Leaking lines can also cause potential blockage of sewer lines due to buildup of the soil or other materials that were “carried” in with the leakage. Environmental concerns related to the handling of wet weather overflow can compromise safety, not to mention provoke fines. For sliplining to be technically viable, the existing embedment must be deemed adequate and stable, or must be restored. Products with inherent corrosion resistance, favorable hydraulic characteristics, and leak-free joints can safeguard against many of the concerns and reasons for sliplining.
After performing an evaluation of the existing line and having begun to consider sliplining, the next question usually relates to hydraulics. Can a smaller-diameter pipe maintain or increase the flow capacity? Yes, in many cases involving larger-diameter pipe this is entirely possible. Sliplining does decrease diameter but this is usually offset by the much-improved hydraulics of the new liner pipe relative to the deteriorated existing pipe. Especially in larger diameters, it is not only possible but also typical to achieve higher flow capacity once the line has been rehabilitated. Maximizing the new inside diameter increases hydraulic capacity.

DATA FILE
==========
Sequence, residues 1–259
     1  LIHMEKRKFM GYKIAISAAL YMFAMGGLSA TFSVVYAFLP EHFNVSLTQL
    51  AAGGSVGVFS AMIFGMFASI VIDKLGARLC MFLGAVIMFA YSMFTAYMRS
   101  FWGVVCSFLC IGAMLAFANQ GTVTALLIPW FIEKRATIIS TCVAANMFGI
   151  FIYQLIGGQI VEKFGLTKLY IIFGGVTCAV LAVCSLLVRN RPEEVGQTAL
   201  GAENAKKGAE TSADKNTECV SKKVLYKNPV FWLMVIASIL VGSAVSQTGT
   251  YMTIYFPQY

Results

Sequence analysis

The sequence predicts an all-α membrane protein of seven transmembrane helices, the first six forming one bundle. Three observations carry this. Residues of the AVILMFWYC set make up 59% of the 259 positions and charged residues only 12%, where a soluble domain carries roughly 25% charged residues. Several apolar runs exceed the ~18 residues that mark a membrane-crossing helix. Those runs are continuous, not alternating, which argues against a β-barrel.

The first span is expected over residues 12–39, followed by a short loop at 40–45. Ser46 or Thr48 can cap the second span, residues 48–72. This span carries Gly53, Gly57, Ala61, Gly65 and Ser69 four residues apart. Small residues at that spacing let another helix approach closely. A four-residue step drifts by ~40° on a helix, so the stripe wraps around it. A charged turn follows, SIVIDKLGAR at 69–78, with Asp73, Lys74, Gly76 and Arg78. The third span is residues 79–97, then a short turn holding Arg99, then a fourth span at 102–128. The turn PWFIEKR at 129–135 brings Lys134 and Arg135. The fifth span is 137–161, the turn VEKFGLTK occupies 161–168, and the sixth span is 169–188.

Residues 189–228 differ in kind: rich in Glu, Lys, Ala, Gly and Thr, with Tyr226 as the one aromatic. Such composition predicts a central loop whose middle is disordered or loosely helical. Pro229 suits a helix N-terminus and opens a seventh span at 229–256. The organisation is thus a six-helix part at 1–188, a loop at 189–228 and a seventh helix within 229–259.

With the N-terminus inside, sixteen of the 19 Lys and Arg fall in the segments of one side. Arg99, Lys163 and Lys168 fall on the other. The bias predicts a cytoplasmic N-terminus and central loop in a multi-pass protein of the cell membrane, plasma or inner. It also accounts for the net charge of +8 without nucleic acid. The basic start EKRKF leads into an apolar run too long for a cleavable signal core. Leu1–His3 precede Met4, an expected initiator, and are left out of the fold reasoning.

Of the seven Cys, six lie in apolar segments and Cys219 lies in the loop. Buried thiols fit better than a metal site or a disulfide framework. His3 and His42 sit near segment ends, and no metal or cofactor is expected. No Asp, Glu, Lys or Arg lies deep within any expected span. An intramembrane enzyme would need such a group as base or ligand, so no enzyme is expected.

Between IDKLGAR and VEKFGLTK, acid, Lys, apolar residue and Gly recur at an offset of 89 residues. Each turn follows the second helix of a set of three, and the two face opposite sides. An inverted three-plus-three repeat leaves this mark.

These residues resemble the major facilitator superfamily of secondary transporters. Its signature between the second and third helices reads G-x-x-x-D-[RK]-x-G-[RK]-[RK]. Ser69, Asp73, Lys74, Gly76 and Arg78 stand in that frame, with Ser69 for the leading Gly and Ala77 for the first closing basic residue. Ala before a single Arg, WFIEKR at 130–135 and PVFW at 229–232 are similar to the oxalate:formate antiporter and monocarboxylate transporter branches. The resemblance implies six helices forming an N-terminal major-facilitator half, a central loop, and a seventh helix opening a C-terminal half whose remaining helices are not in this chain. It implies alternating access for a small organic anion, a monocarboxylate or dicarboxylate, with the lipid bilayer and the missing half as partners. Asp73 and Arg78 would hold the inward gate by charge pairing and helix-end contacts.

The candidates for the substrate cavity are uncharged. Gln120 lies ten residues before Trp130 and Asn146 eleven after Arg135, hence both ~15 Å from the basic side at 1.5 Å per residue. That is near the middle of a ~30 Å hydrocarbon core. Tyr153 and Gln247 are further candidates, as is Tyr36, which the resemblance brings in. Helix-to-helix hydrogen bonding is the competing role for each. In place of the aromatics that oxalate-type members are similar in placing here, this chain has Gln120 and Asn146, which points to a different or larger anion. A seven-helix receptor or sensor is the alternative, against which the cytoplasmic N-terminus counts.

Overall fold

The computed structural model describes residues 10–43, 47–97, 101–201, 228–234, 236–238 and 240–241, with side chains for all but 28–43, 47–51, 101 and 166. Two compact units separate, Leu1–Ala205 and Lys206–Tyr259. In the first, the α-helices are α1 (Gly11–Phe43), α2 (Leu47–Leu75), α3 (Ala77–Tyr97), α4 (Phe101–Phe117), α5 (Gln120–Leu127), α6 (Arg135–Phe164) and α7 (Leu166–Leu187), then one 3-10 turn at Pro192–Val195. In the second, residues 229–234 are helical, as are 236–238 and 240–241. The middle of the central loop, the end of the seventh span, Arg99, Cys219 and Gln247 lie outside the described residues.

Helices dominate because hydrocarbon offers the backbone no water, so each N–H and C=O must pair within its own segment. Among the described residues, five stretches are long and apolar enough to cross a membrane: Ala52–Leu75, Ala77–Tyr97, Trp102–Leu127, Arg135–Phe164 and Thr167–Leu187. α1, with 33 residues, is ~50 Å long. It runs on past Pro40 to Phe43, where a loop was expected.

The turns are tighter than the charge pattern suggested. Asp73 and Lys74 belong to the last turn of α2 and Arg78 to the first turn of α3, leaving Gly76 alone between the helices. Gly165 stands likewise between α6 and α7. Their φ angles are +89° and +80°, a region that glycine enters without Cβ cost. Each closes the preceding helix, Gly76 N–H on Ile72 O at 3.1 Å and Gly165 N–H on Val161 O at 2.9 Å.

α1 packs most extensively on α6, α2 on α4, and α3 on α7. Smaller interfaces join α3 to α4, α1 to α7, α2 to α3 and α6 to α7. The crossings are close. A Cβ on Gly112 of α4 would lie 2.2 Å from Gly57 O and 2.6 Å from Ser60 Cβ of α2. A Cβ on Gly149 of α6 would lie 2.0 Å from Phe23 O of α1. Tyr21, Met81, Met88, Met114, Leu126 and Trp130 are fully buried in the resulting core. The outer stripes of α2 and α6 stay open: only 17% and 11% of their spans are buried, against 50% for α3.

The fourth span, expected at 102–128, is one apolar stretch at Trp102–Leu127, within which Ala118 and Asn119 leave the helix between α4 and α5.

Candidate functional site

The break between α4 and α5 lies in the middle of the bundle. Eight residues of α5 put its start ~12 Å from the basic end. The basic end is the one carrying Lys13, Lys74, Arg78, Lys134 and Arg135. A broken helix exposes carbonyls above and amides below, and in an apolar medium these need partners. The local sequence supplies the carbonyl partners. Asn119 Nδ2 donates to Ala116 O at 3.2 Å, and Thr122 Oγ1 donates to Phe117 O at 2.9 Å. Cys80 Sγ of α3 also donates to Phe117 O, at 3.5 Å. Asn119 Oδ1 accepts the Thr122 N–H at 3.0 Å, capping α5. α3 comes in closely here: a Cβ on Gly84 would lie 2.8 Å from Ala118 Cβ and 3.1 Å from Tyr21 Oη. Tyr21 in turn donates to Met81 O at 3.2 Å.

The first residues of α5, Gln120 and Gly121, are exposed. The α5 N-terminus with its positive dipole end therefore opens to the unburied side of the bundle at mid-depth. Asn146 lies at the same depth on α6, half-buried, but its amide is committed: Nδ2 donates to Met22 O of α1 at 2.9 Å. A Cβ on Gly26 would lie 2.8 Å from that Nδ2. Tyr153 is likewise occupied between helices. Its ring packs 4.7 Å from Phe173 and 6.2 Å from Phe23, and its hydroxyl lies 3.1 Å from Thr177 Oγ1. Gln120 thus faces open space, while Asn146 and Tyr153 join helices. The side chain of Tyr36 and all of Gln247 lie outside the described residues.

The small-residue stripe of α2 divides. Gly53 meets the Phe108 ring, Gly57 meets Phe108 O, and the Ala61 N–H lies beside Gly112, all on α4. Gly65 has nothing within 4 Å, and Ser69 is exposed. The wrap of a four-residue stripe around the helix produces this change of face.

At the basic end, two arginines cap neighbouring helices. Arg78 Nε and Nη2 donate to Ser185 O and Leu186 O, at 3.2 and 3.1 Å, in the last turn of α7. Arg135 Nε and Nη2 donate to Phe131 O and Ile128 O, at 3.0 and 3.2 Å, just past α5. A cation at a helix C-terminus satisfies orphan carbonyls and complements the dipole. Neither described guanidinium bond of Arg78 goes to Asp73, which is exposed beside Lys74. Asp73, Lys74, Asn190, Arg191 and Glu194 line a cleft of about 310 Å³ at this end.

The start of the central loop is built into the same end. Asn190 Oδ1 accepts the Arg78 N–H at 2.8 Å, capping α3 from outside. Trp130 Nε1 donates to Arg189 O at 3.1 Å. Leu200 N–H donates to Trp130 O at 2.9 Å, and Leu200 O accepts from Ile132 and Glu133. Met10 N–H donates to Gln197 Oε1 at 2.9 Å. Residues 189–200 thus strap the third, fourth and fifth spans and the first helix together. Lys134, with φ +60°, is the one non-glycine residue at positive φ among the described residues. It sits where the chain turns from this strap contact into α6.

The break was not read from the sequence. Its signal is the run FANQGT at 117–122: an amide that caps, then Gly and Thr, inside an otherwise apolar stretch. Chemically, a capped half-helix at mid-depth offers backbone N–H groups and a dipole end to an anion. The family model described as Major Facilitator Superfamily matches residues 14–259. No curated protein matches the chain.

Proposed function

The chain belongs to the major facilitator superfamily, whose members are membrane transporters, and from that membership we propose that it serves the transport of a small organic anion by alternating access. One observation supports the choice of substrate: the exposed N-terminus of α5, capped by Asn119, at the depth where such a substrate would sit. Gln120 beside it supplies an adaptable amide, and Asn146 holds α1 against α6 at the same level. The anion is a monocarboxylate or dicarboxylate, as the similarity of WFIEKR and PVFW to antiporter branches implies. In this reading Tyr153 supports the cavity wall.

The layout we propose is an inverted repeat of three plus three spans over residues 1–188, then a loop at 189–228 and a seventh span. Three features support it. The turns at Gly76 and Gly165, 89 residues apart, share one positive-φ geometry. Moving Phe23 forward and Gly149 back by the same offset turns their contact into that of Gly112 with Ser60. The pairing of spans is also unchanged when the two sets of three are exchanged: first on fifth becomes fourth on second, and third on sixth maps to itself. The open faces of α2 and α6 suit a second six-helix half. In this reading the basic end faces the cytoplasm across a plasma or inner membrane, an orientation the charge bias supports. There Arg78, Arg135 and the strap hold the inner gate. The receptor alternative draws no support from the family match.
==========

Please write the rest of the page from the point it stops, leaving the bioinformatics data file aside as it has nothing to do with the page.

David Ellett, project manager with BRH-Garver of Houston, witnessed the results of hydraulic improvements. “On one installation that began midday and ended in the late afternoon when the flow was theoretically higher, a marked decrease in flow depth occurred. It was obvious that the decreased flow depth from the start of the push (insertions of slipline pipe) until completion was directly related to the increased hydraulic capacity of the liner pipe.”
Investing in the future
When comparing different materials for trenchless installation such as sliplining, it is important to consider the total installed life cycle cost of the project. A true cost comparison must also consider the costs incurred or avoided throughout the design life of the sewer. The total cost includes expenses experienced over the study period to operate, maintain, repair (if necessary), and ultimately replace or rehabilitate it, not just to purchase and install it.
Taking the time to evaluate the requirements for a pipeline system, alternatives for repair, overall cost, and long- and short-term benefits will result in superior long-term pipe performance and avoid or defer many future costs.
Kimberly Paggioli, P.E., is vice president, Marketing, with HOBAS Pipe USA (www.hobaspipe.com).